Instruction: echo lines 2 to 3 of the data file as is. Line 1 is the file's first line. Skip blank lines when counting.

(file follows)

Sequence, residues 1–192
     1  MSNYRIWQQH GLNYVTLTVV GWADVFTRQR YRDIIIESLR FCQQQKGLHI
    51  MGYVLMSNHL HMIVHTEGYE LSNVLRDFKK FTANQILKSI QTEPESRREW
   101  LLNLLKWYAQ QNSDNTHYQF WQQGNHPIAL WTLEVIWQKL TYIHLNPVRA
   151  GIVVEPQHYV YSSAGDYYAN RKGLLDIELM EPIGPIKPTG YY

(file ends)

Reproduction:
     1  MSNYRIWQQH GLNYVTLTVV GWADVFTRQR YRDIIIESLR FCQQQKGLHI
    51  MGYVLMSNHL HMIVHTEGYE LSNVLRDFKK FTANQILKSI QTEPESRREW